• C25DPROCESSES FOR THE ELECTROLYTIC OR ELECTROPHORETIC PRODUCTION OF COATINGS; ELECTROFORMING; APPARATUS THEREFOR
    • C25D3/00Electroplating: Baths therefor
    • C25D3/02Electroplating: Baths therefor from solutions
    • C25D3/38Electroplating: Baths therefor from solutions of copper
    • HELECTRICITY
    • H01BASIC ELECTRIC ELEMENTS
    • H01LSEMICONDUCTOR DEVICES; ELECTRIC SOLID STATE DEVICES NOT OTHERWISE PROVIDED FOR
    • H01L2924/00Indexing scheme for arrangements or methods for connecting or disconnecting semiconductor or solid-state bodies as covered by H01L24/00
    • HELECTRICITY
    • H01BASIC ELECTRIC ELEMENTS
    • H01LSEMICONDUCTOR DEVICES; ELECTRIC SOLID STATE DEVICES NOT OTHERWISE PROVIDED FOR
    • H01L2924/00Indexing scheme for arrangements or methods for connecting or disconnecting semiconductor or solid-state bodies as covered by H01L24/00
    • H01L2924/0001Technical content checked by a classifier
    • H01L2924/0002Not covered by any one of groups H01L24/00, H01L24/00 and H01L2224/00
    • HELECTRICITY
    • H01BASIC ELECTRIC ELEMENTS
    • H01LSEMICONDUCTOR DEVICES; ELECTRIC SOLID STATE DEVICES NOT OTHERWISE PROVIDED FOR
    • H01L33/00Semiconductor devices with at least one potential-jump barrier or surface barrier specially adapted for light emission; Processes or apparatus specially adapted for the manufacture or treatment thereof or of parts thereof; Details thereof
    • H01L33/48Semiconductor devices with at least one potential-jump barrier or surface barrier specially adapted for light emission; Processes or apparatus specially adapted for the manufacture or treatment thereof or of parts thereof; Details thereof characterised by the semiconductor body packages
    • H01L33/64Heat extraction or cooling elements
    • H01L33/641Heat extraction or cooling elements characterized by the materials
    • YGENERAL TAGGING OF NEW TECHNOLOGICAL DEVELOPMENTS; GENERAL TAGGING OF CROSS-SECTIONAL TECHNOLOGIES SPANNING OVER SEVERAL SECTIONS OF THE IPC; TECHNICAL SUBJECTS COVERED BY FORMER USPC CROSS-REFERENCE ART COLLECTIONS [XRACs] AND DIGESTS
    • Y10TECHNICAL SUBJECTS COVERED BY FORMER USPC
    • Y10TTECHNICAL SUBJECTS COVERED BY FORMER US CLASSIFICATION
    • Y10T428/00Stock material or miscellaneous articles
    • Y10T428/12All metal or with adjacent metals
    • Y10T428/12493Composite; i.e., plural, adjacent, spatially distinct metal components [e.g., layers, joint, etc.]
    • Y10T428/12632Four or more distinct components with alternate recurrence of each type component
    • YGENERAL TAGGING OF NEW TECHNOLOGICAL DEVELOPMENTS; GENERAL TAGGING OF CROSS-SECTIONAL TECHNOLOGIES SPANNING OVER SEVERAL SECTIONS OF THE IPC; TECHNICAL SUBJECTS COVERED BY FORMER USPC CROSS-REFERENCE ART COLLECTIONS [XRACs] AND DIGESTS
    • Y10TECHNICAL SUBJECTS COVERED BY FORMER USPC
    • Y10TTECHNICAL SUBJECTS COVERED BY FORMER US CLASSIFICATION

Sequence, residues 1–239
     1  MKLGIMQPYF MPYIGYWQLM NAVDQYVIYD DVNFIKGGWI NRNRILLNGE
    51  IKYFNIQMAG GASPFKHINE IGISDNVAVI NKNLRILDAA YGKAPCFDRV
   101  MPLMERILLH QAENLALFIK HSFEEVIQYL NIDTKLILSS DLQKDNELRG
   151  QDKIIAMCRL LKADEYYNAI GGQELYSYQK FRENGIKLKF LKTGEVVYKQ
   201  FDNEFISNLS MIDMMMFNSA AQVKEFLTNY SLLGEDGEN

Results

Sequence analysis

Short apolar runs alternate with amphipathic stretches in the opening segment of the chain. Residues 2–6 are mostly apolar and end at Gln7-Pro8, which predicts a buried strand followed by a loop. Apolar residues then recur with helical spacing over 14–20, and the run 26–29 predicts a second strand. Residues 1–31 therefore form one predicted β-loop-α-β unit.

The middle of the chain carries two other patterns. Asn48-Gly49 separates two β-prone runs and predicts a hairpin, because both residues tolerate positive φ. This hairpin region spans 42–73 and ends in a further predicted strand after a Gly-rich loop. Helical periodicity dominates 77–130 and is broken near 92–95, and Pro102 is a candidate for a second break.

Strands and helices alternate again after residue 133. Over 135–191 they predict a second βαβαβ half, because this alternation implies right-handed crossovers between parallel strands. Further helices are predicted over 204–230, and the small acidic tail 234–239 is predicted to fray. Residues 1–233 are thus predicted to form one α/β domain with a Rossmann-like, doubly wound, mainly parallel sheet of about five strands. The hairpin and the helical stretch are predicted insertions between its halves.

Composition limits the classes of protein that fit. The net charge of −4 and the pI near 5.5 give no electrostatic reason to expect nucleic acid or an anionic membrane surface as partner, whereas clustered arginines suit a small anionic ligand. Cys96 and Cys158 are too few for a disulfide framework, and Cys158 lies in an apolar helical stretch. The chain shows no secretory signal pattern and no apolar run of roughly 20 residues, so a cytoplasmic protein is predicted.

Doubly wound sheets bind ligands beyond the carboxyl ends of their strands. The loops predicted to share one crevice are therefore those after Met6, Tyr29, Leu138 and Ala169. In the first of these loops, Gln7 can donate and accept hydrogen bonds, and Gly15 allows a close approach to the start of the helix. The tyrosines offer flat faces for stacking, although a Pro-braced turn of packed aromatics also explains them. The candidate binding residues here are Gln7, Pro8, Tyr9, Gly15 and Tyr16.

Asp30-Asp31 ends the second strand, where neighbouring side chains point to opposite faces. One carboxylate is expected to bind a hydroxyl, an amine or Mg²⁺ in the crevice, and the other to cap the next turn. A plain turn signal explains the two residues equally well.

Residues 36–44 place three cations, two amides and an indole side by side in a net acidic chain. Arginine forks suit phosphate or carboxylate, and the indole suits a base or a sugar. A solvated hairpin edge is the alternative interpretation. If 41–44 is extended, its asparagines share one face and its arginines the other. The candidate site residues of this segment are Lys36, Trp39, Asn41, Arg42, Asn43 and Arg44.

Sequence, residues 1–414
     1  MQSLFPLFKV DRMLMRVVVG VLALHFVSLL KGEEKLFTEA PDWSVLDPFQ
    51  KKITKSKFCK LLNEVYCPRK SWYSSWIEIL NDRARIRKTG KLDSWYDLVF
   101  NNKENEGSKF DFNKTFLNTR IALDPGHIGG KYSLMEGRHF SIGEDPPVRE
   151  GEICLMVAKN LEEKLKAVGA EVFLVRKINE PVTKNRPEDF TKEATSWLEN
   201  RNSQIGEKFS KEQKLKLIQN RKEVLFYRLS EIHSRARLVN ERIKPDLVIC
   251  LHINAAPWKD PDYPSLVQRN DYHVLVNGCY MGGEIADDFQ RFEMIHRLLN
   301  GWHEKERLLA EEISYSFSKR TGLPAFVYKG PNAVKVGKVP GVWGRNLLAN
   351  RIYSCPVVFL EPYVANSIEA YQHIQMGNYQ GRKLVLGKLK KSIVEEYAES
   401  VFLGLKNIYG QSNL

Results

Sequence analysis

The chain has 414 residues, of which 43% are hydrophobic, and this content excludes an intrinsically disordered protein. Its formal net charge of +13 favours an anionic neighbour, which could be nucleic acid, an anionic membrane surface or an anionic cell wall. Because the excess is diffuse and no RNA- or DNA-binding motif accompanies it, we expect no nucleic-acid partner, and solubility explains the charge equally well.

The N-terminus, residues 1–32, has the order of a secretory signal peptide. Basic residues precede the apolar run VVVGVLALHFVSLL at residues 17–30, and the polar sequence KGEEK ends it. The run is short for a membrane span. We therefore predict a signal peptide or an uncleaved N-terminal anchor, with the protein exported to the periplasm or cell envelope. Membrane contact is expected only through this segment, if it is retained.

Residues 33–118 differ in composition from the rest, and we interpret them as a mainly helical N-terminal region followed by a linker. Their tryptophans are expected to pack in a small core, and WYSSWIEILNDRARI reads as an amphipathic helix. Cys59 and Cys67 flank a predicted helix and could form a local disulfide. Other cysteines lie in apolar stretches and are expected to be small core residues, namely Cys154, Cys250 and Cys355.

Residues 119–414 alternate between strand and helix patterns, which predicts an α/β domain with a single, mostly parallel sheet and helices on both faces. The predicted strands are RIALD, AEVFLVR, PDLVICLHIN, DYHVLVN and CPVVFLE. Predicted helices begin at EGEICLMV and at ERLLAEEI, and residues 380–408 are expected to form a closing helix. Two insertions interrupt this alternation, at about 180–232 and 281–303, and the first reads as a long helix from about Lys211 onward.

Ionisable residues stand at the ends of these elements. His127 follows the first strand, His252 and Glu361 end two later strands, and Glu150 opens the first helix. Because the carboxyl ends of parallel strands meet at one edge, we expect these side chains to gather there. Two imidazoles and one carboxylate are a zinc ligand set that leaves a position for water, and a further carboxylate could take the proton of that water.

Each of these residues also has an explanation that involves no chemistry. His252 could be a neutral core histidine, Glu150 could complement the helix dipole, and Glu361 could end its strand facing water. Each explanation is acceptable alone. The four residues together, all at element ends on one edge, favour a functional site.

• Y10T428/00Stock material or miscellaneous articles
    • Y10T428/12All metal or with adjacent metals
    • Y10T428/12493Composite; i.e., plural, adjacent, spatially distinct metal components [e.g., layers, joint, etc.]
    • Y10T428/12771Transition metal-base component
    • Y10T428/12806Refractory [Group IVB, VB, or VIB] metal-base component
    • Y10T428/12826Group VIB metal-base component
    • Y10T428/12833Alternative to or next to each other
    • YGENERAL TAGGING OF NEW TECHNOLOGICAL DEVELOPMENTS; GENERAL TAGGING OF CROSS-SECTIONAL TECHNOLOGIES SPANNING OVER SEVERAL SECTIONS OF THE IPC; TECHNICAL SUBJECTS COVERED BY FORMER USPC CROSS-REFERENCE ART COLLECTIONS [XRACs] AND DIGESTS
    • Y10TECHNICAL SUBJECTS COVERED BY FORMER USPC
    • Y10TTECHNICAL SUBJECTS COVERED BY FORMER US CLASSIFICATION
    • Y10T428/00Stock material or miscellaneous articles
    • Y10T428/12All metal or with adjacent metals
    • Y10T428/12493Composite; i.e., plural, adjacent, spatially distinct metal components [e.g., layers, joint, etc.]
    • Y10T428/12771Transition metal-base component
    • Y10T428/12806Refractory [Group IVB, VB, or VIB] metal-base component
    • Y10T428/12826Group VIB metal-base component
    • Y10T428/1284W-base component
    • YGENERAL TAGGING OF NEW TECHNOLOGICAL DEVELOPMENTS; GENERAL TAGGING OF CROSS-SECTIONAL TECHNOLOGIES SPANNING OVER SEVERAL SECTIONS OF THE IPC; TECHNICAL SUBJECTS COVERED BY FORMER USPC CROSS-REFERENCE ART COLLECTIONS [XRACs] AND DIGESTS
    • Y10TECHNICAL SUBJECTS COVERED BY FORMER USPC
    • Y10TTECHNICAL SUBJECTS COVERED BY FORMER US CLASSIFICATION
    • Y10T428/00Stock material or miscellaneous articles
    • Y10T428/12All metal or with adjacent metals
    • Y10T428/12493Composite; i.e., plural, adjacent, spatially distinct metal components [e.g., layers, joint, etc.]
    • Y10T428/12771Transition metal-base component
    • Y10T428/12861Group VIII or IB metal-base component
    • Y10T428/12903Cu-base component
    • Y10T428/1291Next to Co-, Cu-, or Ni-base component

Abstract